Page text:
Officials in the United States and Japan have urged global financial leaders and central bankers to make the Chinese economy a key focus of talks of the Group of Twenty major economies when they meet on Friday and Saturday in Turkey. Just how much will be accomplished during the talks, however, is uncertain, analysts said.
China’s market turmoil and devaluation of its currency last month sent shockwaves through global stock and commodity markets in recent weeks. Stocks in China plunged nearly 40 percent since a high in mid-June and a slew of poor economic data that followed further fueled concerns.
Lack of transparency
On Tuesday, Japan’s finance minister said it is important to understand the structural issues behind what is going on and called for a “frank debate at the G20 about what is happening in the Chinese economy.”
A U.S. official speaking ahead of the meetings also echoed concerns, calling on Beijing to “carefully communicate its policy intentions and actions to financial markets.”
FILE - A customer counts Chinese Yuan notes at a market in Beijing, Aug. 12, 2015.
Such calls were new, said Raymond Yeung, a senior economist with ANZ in Hong Kong.
“Perhaps this is the first time that other countries want China to explain more about what they have been doing in terms of the reform, for example, the change of the exchange rate regime,” Yeung said. “But it doesn’t seem to me an international norm to require other countries to do so.”
While Yeung said he agrees that what has happened in the past few weeks has highlighted the influence of Chinese domestic markets and its policies, he said he does not see a need for a global effort as was needed during the 2008 U.S. subprime mortgage crisis.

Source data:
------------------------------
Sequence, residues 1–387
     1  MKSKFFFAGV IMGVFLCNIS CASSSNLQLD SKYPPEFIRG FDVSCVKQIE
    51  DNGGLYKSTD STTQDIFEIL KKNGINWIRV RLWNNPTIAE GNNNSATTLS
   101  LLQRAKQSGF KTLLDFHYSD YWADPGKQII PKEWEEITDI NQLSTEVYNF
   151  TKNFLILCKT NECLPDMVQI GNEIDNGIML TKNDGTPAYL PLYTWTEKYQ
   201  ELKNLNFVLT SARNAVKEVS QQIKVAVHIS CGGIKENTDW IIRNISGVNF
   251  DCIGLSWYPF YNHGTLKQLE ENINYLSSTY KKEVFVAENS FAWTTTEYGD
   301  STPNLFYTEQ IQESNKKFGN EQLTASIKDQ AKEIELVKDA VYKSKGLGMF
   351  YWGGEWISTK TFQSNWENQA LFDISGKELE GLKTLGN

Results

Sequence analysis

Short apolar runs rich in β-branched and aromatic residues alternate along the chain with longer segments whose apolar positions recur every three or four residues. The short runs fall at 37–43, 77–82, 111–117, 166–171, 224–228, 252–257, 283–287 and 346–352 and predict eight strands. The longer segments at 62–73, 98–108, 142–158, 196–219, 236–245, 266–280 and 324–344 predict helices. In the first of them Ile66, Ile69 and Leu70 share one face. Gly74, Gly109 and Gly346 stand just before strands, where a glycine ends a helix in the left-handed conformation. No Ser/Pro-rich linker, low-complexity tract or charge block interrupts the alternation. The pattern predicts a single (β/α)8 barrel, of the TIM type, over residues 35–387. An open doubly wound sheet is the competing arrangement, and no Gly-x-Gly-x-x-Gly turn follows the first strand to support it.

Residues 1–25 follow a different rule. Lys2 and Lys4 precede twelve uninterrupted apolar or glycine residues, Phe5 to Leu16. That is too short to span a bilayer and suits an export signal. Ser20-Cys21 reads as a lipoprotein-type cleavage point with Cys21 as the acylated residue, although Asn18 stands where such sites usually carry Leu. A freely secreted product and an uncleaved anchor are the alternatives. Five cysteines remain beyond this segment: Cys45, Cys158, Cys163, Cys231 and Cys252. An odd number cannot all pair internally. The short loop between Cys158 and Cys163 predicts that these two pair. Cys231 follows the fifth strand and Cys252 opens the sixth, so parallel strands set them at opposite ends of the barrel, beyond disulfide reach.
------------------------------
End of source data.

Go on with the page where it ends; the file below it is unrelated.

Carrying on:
“To some extent, the current issues facing China are domestic reforms. And I don’t see that platform… will address such domestic issues,” he said.
FILE - Piles of steel pipes to be exported are seen in front of cranes at a port in Lianyungang, Jiangsu province, March 7, 2015.
China has been working to wean itself away from an over-reliance on exports to boost its economy and transition toward a more consumption-based model.
While the shift has not been easy, Chinese officials have insisted the situation is under control.
Recent actions, such as the devaluation of its currency or China’s massive efforts to slow the slide of its stock market, raised questions about whether China was truly committed to market reforms or — in the case of the currency - merely taking measures to boost exports.
A delicate balance
Oh Ei Sun, a senior fellow at the S. Rajaratnam School of International Studies in Singapore, said China is trying to balance very gingerly between building a free market economy and a free economy with Chinese characteristics.
“I don’t think there’s a consensus in more transparency of the economic decision-making process in China because China views outsiders with suspicion… and the economic policy-making process is seen as a matter of national security and national interests, which Chinese authorities won’t subject to the prying eyes of foreigners,” he said.
Peter Drysdale, an economics professor at the Australian National University, said next year's G20 Summit in Hangzhou might be a better occasion for it to articulate its reform strategies.
That meeting, he said, will be a very important opportunity for China to take big steps.
Those steps “might include further liberalization of financial markets, not only interest rates, but also foreign ownership of financial institutions and licenses and the participation of new private banks in the financial sector,” Drysdale said.